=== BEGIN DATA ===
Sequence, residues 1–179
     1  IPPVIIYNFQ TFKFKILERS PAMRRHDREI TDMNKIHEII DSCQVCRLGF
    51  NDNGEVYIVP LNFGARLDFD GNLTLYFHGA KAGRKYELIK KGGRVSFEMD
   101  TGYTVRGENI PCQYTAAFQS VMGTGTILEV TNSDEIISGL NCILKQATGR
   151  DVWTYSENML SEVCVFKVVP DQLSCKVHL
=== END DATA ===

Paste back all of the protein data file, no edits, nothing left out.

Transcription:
Sequence, residues 1–179
     1  IPPVIIYNFQ TFKFKILERS PAMRRHDREI TDMNKIHEII DSCQVCRLGF
    51  NDNGEVYIVP LNFGARLDFD GNLTLYFHGA KAGRKYELIK KGGRVSFEMD
   101  TGYTVRGENI PCQYTAAFQS VMGTGTILEV TNSDEIISGL NCILKQATGR
   151  DVWTYSENML SEVCVFKVVP DQLSCKVHL